Lufthansa Cargo and Kintetsu World Express reach agreement for the use of sustainable aviation fuel

Kintetsu World Express will reduce its total carbon footprint of air cargo transported with Lufthansa Cargo by around 5% for one year. Kintetsu World Express is committed to using sustainable aviation fuel during the period from October 2022 to September 2023. In addition, the company has decided to offset the so-called well-to-tank emissions generated during production and supply of sustainable aviation fuel with the help of certified climate protection projects.

“Climate change is becoming increasingly evident and devastating around the world. As a light freight forwarder, reducing our Scope 3 greenhouse gas emissions is essential to winning the battle against global warming. And SAF is a rising star. Recently, in our initial response to the recommendations of the Task Force on Climate-related Financial Disclosures (TCFD), we stated our intention to actively participate in the SAF programs of our partner airlines. I am delighted and proud to work with our long-standing partner Lufthansa Cargo for the sustainable future of the air cargo industry,” said Nobutoshi Torii, President and CEO of Kintetsu World Express.

“We are very proud that we were able to win Kintetsu World Express, one of our most important customers, to transport their cargo with us on a CO2-neutral basis,” said Dorothea von Boxberg, Managing Director of Lufthansa Cargo AG. . “Already today, sustainable aviation fuel offers the possibility of saving around 80% of emissions in air cargo transport. That is why each customer who takes advantage of this opportunity makes a decisive contribution to the advancement of decarbonization in logistics. Thanks to the commitment of Kintetsu World Express and our other customers who have chosen sustainable aviation fuel, we have already been able to replace approximately 2% of our annual fossil fuel needs with sustainable aviation fuel in 2022.”

More climate-friendly flights with SAF

The general term for sustainable, biogenic or synthetic kerosene is “sustainable aviation fuel” (SAF). SAF is considered the first real alternative to fossil aviation fuel. Currently, it is mainly produced from biomass. In the future, “non-biogenic” fuels will also be available; the best-known example is the so-called Power-to-Liquid (PtL) concept based on renewable electricity, water and CO2. SAF enables an almost closed CO2 cycle: as fossil fuels release CO2 that has been bound for millions of years and the current level of CO2 in the atmosphere increases, the use of SAF in the combustion process only releases the amount of CO2 that was bound immediately before in the manufacturing process.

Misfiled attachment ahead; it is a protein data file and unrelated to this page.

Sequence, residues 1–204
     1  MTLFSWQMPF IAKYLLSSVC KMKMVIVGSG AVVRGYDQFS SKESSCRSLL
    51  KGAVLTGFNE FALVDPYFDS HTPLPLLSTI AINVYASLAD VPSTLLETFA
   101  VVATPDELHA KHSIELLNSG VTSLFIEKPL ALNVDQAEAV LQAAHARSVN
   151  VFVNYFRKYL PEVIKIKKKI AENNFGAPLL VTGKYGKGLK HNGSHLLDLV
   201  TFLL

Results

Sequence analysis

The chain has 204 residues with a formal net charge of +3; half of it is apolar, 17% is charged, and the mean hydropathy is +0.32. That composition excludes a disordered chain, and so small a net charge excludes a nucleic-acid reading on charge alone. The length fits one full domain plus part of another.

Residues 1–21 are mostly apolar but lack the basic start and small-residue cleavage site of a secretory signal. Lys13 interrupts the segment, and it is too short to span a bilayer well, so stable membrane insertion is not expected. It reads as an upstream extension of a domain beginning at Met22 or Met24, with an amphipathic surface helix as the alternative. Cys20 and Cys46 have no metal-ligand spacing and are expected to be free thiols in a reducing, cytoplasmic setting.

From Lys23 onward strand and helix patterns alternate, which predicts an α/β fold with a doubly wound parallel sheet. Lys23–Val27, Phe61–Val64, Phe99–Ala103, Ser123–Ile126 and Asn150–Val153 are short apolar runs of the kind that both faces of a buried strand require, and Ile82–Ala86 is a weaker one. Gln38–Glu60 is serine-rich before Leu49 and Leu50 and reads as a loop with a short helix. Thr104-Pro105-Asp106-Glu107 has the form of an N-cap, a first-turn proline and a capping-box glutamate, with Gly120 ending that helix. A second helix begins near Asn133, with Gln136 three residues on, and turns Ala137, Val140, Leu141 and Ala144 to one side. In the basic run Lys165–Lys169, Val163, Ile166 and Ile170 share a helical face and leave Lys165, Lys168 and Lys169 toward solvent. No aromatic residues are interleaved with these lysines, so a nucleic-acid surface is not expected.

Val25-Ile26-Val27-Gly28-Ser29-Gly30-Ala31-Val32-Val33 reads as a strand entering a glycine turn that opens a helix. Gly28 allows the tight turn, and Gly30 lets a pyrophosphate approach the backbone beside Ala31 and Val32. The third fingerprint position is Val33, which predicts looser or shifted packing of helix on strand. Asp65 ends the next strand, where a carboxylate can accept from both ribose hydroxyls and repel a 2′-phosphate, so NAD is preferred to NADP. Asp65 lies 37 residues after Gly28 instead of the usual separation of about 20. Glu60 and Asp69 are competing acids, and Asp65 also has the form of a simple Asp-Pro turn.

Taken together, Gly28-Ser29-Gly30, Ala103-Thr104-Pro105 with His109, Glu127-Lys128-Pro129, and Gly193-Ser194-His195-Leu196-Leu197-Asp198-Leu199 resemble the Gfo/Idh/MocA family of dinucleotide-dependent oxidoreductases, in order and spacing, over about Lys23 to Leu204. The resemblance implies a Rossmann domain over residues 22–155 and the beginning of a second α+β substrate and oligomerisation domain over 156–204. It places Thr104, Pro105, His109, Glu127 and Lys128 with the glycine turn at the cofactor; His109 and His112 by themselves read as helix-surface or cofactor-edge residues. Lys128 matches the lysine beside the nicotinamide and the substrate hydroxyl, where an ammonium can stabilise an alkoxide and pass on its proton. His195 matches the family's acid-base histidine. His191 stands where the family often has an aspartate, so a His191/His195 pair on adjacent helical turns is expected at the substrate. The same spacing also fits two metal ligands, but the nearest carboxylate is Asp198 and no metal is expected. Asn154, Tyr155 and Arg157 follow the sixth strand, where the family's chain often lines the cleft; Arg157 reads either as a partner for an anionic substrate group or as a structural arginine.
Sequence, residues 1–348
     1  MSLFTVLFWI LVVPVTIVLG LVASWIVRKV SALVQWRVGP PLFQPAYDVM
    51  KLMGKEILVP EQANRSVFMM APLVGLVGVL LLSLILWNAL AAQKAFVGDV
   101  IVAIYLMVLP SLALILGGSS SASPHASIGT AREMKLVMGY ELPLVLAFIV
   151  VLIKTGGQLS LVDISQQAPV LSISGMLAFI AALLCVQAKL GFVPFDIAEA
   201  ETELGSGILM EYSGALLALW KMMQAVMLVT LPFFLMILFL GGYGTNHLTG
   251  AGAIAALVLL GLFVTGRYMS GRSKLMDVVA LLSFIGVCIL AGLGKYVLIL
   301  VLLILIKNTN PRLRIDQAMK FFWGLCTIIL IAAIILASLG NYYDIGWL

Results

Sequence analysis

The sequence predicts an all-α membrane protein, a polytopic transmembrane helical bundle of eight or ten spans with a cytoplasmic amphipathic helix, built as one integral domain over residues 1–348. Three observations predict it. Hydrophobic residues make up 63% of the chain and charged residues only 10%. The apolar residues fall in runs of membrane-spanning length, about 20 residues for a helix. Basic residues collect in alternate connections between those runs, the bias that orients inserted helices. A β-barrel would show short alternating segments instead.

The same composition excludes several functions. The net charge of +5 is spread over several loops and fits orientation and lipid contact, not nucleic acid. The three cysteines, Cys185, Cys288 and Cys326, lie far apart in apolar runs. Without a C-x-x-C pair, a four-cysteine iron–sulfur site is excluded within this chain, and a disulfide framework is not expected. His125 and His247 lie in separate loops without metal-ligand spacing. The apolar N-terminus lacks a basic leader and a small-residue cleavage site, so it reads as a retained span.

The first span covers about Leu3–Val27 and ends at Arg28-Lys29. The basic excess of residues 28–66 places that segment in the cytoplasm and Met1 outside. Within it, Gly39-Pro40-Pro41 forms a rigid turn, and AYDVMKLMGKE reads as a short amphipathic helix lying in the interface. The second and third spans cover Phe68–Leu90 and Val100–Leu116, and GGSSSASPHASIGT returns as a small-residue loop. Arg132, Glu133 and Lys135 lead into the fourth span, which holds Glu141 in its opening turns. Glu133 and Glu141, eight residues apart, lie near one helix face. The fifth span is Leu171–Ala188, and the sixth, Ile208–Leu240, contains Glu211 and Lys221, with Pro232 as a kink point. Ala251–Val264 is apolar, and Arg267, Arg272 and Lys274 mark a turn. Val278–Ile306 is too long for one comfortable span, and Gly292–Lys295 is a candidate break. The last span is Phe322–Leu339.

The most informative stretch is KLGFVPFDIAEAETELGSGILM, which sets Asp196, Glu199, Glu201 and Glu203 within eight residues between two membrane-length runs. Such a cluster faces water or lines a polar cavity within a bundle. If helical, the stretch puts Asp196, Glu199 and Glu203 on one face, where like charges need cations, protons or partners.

Sustainable aviation fuel is the key to CO2 neutral air traffic and can be used in regular flight operations without infrastructure adjustments. There are different production processes and different raw materials for SAF. The SAF currently used by Lufthansa Cargo is produced using the HEFA process (Hydroprocessed Esters & Fatty Acids) from biogenic waste materials, for example from used cooking oils. This does not conflict with food cultivation, as only forest, agricultural or gastronomic waste is used. Lufthansa Cargo offers SAFs through the Lufthansa Group of the world’s leading SAF manufacturers. Since September 2021, all Lufthansa Cargo customers can have their freight transported CO₂-neutral by opting for the Sustainable Choice additional service.

Additional compensation

In addition to using sustainable aviation fuel, Kintetsu World Express relies on additional offsetting of greenhouse gases generated when supplying SAF. Lufthansa Cargo offers its customers a selection of ten carbon offset projects organized by the Lufthansa Group of the non-profit organization myclimate, which applies only the strictest independent quality standards such as Gold Standard and Plan Vivo when selection and design of carbon offset projects. Thanks to high-quality offset projects, fossil energy sources are replaced by renewable energies or energy-efficient technologies. Another option is to protect threatened forests, whose trees extract CO2 from the atmosphere throughout their lives, convert it and store it as carbon. The amount of emissions saved through the projects is calculated and can be passed on to companies in the form of emission reduction credits – called certificates – in quantities adapted to their needs. On the basis of the certified CO2 savings or reductions, it is therefore possible to offset CO2 emissions that occur, for example, during the transport of goods. Another advantage is that the compensation mechanism via high-quality projects not only involves climate protection measures that demonstrably save CO2, but the projects also always bring local benefits for people and the environment. Jobs are created, infrastructure improved or health risks reduced, biodiversity protected or educational opportunities improved.

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